Emerging. As students are introduced to academic English appropriate for their age, their language emerges. Students at this level begin to understand phrases and simple sentences. They begin to communicate their needs, wants, and desires, especially using familiar and often memorized phrases or word groupings. In addition, they begin to speak in sentences but often make syntax errors in doing so. When they read and write in English, they can recognize familiar and high-frequency words. They can also copy information but make errors in grammar that interfere with effective communication.
Developing. During this phase, students add considerably to their vocabulary. They use English spontaneously and are generally understood but often experience difficulty expressing feelings and other abstract ideas and continue to make grammar errors. As a group, they continue to produce simple sentences but understand sentences that are much more complex. They read increasingly complex texts and write more coherent information. Although their writing typically contains a number of errors and nonconventional forms, students in this place are able to demonstrate their thinking and understanding of the tasks at hand.
Expanding. At this level, students' language skills are sufficient for most daily communication tasks. Although they make occasional structural errors, the majority of their communication is clear. They participate in discussions and use English in unfamiliar settings, though idioms and other figurative language forms may present a challenge. Generally, students at this level can read well enough to gain information from a text and write fairly independently; however, their writing is typically scored below grade level because they use less sophisticated text structures and vocabulary.
Bridging. At this advanced level of proficiency, students generally perform well across the language domains of speaking, listening, reading, and writing. Their speech becomes increasingly fluent, and they can discuss a variety of topics with ease. They can do grade-level work but may need some guidance for technical writing and reading.
After considering each of these proficiency levels, it's easy to see the importance of talking. At each level, the development of oral language is related to developing skills in written language. Equally important is the fact that reading and writing are not deferred while speech develops; rather, students are reading, writing, speaking, and listening from the beginning of their introduction into English. In addition, these English language learners are wrestling with what they know and do not know regarding language functions and registers, both of which are informed by the context of the discourse—mode, topic, purpose, audience, setting, and so forth.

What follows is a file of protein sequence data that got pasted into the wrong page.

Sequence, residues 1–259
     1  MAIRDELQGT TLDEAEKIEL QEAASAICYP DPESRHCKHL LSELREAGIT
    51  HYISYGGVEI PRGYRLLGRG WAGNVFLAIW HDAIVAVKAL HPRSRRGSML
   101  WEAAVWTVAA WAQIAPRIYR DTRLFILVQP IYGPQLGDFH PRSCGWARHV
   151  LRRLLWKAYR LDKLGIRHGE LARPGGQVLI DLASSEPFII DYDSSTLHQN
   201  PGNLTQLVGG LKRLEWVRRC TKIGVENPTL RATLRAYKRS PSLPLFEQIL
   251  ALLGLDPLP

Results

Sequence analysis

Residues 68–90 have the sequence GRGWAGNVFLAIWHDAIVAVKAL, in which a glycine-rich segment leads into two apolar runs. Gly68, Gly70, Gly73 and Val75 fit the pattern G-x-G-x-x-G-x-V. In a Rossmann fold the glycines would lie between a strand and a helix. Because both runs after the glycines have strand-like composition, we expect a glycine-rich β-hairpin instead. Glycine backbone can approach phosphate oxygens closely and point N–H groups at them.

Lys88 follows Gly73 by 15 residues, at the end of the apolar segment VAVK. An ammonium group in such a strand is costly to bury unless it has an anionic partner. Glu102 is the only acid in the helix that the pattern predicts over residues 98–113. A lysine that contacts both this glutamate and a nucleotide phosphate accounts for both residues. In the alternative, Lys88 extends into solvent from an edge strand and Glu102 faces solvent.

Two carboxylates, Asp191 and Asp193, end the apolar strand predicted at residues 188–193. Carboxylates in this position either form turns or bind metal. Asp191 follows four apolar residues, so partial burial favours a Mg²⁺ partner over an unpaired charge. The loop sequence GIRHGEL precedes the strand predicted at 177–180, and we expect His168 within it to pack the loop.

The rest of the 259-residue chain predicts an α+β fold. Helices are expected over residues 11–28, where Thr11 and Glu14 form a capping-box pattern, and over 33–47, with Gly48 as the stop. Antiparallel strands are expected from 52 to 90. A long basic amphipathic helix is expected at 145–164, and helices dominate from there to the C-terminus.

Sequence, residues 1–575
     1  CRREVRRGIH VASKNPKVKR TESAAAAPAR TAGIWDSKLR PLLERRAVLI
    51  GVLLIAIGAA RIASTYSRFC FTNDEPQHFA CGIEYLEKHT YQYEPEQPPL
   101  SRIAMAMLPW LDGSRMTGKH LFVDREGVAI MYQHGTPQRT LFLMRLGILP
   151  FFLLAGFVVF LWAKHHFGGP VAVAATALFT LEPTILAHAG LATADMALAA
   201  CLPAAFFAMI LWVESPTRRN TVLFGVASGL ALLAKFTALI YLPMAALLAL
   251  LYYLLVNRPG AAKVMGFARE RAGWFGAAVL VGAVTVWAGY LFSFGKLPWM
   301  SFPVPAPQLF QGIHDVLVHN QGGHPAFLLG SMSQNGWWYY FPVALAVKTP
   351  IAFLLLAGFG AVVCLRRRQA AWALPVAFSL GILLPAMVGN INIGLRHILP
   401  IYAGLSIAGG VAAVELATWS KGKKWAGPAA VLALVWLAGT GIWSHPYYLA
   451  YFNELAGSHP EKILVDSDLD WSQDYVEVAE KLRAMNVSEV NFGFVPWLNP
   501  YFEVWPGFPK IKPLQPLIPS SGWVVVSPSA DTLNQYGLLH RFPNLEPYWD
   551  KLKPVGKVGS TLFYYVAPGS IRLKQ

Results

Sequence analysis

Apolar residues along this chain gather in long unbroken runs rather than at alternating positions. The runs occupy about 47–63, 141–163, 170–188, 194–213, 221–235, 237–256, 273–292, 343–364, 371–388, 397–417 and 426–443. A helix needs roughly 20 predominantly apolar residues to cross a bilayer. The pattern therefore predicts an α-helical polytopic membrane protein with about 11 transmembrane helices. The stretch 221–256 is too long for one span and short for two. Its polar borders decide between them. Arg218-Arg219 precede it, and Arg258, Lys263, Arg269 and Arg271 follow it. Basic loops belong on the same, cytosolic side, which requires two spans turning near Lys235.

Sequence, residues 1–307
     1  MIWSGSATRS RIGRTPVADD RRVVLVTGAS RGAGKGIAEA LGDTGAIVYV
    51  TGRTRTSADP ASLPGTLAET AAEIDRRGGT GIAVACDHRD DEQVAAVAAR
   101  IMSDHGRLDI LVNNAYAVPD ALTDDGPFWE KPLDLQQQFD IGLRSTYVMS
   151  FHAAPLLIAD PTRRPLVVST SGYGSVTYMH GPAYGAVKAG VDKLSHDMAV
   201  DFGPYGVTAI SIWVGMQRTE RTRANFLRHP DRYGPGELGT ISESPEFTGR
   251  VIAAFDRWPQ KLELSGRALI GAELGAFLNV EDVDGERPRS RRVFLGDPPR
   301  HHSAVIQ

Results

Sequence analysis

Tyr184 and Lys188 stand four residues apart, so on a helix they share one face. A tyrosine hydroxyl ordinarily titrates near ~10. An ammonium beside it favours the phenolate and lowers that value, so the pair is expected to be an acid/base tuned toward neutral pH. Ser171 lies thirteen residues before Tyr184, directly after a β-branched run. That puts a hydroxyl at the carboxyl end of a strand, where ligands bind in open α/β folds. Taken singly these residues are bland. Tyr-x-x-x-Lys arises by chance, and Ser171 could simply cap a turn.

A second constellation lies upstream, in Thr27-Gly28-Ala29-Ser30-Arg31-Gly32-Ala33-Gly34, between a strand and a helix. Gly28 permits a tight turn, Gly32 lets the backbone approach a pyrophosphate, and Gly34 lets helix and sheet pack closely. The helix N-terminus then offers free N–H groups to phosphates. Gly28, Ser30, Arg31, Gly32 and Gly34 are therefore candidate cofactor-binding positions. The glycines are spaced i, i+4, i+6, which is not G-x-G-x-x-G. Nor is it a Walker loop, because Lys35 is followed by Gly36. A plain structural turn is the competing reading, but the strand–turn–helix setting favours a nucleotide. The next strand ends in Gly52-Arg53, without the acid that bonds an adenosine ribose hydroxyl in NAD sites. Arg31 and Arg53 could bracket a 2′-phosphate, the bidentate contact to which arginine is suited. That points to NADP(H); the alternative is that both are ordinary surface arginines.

When Talk Facilitates Learning
Figure 1.2 provides a graphic representation of the opportunities for integrating talk in the classroom. We've divided the opportunities for talk into four major categories. These categories are consistent with a gradual release of responsibility model of instruction, which acknowledges that students must assume increasing responsibility if they are to learn (Fisher & Frey, 2008). This does not mean that students are supposed to become independent learners in the absence of the teacher but, rather, that classrooms are structured in such a way that students are introduced to ideas and then have opportunities to work with these ideas before being expected to complete tasks independently. As you'll see throughout this book, a number of instructional strategies are available for integrating purposeful student talk. For now, let's consider the instructional routines in which talk can be integrated.
Figure 1.2. Types of Talk
During whole-class instruction, teachers model behaviors, skills, and strategies that they expect to see from their students. As we will discuss in Chapter 3, this modeling is based on an established purpose and provides students with a mental model for completing tasks they will encounter in another phase of instruction. We've already seen that questioning can be used during teacher modeling, but teachers can also activate their students' background knowledge during this time (for example, a 10th grade biology teacher might ask his students to talk with a partner about cell life before he explains cell division to them). In addition, teachers model the use of academic language as they engage in think alouds, shared readings, read alouds, lectures, and other whole-class events. After modeling, students can reflect on what they learned through both writing independently and talking with a partner.
During guided instructional events, teachers use talk to determine what students know and what they still need to know. This is an opportunity to use questions, prompts, and cues to help students complete tasks. Although guided instruction is teacher led, this does not mean that students are not talking. They use talk to ask questions—of the teacher, of peers, and of themselves—as well as to clarify understanding, provide feedback to a partner, and reflect once more on their learning.
As we will see in subsequent chapters, teachers can use talk during guided instruction in a number of ways. For example, an art teacher might meet with a small group of students who have difficulty with perspective in their drawings. He asks them to compare and contrast several drawings from his collections of books and then has them give one-word explanations of the differences. The students use words such as proportion, line, and shading. Through talk, this art teacher is able to facilitate increased understanding for his students.